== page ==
The great outdoors
View contemporary sculpture outside in this Concord summer tradition
By Heidi Masek email@example.com
It was Pam Tarbell’s experience as an art educator that led her to open the Mill Brook Gallery and Sculpture Garden in rural Concord nine years ago.
“A lot of people have never been exposed to outdoor sculpture,” she said. Sometimes people don’t think they like contemporary work until they see the pieces. Sometimes it’s the kids who embrace it first, Tarbell said.
Tarbell doesn’t mince words about the poor state of art education. Parents don’t know it’s free to visit galleries, and that galleries are there to support artists, she said.
Rest assured, kids are welcome at Mill Brook, where about 100 artists could show up for the opening celebration for three summer exhibits, including an annual outdoor sculpture show, Sunday, June 24.
Tarbell has cultivated a regular group whom she invites each year.
“I never know what someone’s going to bring,” she said. The 18 new works are spaced well apart in her garden, which is adjacent to a pond with horses grazing beyond (one is hers). Outside, kids are welcome to touch the art and run around.
Tarbell recognizes that some pieces are very “salable” and some are more for the experience. Prices range from a few thousand dollars to tens of thousands. Some of the artists are well known, some just starting out, Tarbell said.
Tarbell said she’s slowly building recognition among patrons who can afford a $30,000 price tag. Several of her artists exhibit throughout the East Coast and are becoming nationally known, including Rob Lorenson, Wendy Klemperer and Joe Wheaton, while some are internationally known, like John Weidman, a Brookline sculptor and executive director of the Andres Institute of Art. Most Mill Brook artists are from the Northeast.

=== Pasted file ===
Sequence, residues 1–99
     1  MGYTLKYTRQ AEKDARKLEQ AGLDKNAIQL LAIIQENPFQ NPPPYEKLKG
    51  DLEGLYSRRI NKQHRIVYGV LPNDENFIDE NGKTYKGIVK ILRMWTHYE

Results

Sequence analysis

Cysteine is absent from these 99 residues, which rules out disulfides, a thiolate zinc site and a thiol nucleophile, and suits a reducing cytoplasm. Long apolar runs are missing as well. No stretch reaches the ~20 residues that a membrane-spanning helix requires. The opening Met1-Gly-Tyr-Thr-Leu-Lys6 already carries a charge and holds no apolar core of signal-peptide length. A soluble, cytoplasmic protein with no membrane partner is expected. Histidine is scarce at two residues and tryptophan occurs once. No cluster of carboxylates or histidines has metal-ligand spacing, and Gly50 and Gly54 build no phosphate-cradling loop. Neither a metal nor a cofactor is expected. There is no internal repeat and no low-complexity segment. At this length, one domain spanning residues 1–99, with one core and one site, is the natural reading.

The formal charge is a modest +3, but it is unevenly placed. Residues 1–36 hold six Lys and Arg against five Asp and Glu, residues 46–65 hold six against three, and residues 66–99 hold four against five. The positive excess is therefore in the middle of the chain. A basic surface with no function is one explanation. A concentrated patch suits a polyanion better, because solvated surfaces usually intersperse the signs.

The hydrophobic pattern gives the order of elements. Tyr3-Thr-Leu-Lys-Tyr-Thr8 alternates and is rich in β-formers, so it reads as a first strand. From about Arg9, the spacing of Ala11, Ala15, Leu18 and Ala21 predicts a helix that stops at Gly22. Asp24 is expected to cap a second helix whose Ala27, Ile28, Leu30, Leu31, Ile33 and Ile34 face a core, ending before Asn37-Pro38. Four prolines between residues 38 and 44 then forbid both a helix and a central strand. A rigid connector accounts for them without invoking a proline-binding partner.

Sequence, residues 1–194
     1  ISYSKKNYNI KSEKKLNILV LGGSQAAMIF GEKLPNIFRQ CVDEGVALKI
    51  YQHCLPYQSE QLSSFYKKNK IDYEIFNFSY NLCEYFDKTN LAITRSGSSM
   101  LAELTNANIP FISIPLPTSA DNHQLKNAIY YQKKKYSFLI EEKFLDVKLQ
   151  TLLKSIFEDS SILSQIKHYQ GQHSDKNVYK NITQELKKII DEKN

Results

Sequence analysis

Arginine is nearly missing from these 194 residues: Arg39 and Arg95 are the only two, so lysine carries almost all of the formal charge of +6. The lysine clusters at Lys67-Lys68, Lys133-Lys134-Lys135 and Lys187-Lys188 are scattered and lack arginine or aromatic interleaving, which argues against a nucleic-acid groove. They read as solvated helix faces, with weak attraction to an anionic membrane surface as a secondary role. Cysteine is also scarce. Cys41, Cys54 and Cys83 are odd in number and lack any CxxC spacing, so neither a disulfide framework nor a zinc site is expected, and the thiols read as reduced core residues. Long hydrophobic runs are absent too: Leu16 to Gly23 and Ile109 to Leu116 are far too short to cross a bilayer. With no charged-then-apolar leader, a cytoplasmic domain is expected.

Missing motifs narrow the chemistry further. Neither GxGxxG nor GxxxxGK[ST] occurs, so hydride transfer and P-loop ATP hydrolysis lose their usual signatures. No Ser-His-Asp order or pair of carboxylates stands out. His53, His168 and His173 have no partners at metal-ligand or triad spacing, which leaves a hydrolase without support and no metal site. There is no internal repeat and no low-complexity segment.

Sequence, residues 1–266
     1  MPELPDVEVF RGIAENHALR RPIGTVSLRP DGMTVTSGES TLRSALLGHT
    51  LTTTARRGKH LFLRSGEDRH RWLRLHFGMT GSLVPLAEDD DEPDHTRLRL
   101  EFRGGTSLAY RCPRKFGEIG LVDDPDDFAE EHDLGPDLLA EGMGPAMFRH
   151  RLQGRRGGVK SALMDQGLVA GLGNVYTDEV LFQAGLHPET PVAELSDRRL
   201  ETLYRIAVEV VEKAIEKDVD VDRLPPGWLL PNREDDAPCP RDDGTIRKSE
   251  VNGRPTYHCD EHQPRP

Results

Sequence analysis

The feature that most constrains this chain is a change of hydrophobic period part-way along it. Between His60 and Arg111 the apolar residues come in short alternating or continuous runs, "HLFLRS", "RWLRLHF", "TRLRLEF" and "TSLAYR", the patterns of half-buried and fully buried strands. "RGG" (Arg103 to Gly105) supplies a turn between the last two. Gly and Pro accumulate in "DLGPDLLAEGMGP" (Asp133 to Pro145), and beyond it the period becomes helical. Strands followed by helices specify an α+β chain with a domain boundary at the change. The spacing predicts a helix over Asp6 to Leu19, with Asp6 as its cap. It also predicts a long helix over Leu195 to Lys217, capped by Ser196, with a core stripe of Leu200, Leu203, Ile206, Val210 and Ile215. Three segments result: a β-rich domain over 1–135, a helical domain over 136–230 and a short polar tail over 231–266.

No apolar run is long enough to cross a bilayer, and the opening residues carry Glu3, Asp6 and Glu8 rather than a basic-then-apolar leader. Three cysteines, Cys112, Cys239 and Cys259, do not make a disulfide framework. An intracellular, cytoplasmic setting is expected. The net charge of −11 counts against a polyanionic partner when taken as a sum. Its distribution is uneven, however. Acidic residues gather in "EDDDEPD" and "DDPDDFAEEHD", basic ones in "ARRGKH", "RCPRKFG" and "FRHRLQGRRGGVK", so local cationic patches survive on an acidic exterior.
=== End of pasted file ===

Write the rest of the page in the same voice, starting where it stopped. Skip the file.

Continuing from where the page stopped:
Derryfield School art teacher Andy Moerlein’s entry seems to be the big hit for 2007, possibly because of its size, Tarbell said. It’s several feet high and consists of a wall of saplings bound together with a split log. Moerlein harvests maple saplings from Tarbell’s property to use in his installations.
Another eye-catcher is Lorenson’s “Sentinel.” The steel piece is powder-coated bright red. “Catastrapillar” is a wild bronze piece by Zachary Gabbard of Jamaica Plain in Boston. “Minimalist” by Gerald Friedman, of New Ipswich, is a playful, metal character. You can sit on the two hands in “Peace Offering,” by Michael Alfano of Hopkinton, Mass. Madeleine Lord installed a floating, found-object city in the pond.
On Thursday, June 14, Tarbell was still waiting to receive work from Ataru Kozuru of Topsfield, Mass., and Japan, who usually enters a granite sculpture. She was also looking for the right place to install Megan Cronin’s “Forager,” which looks like intricate metal mushrooms.
Tarbell juried a Monotype Guild of New England exhibit, which is running through Sept. 8 indoors at Mill Brook. Also indoors are figurative sculptures from the Beaumont Sculpture Center in Newton, Mass. The studio was founded by Jean Dibner, a former senior vice president of Avid Technology, who switched careers. The other sculptors in her studio also switched to art from executive positions, Tarbell said.
Before Tarbell opened a gallery at her home, the Rhode Island School of Design alum was teaching art lessons in several media. When she asked students what they learned about art history in schools, she found they didn’t even have the basics, she said. So she included art history in most of her classes. Tarbell also realized parents weren’t taking kids to see art, and decided to make it easy for them since she had the space. It took her a year to convince Concord’s zoning board to let her use her property for “retail.”
Now, the challenge has been getting the word out for people to take advantage of the gallery. A women’s networking group had a potluck there last week, and another group held a fundraiser there for a microlending trust for a village in Ghana. Colleges bring students, she said, but public schools too often lack the funding for field trips.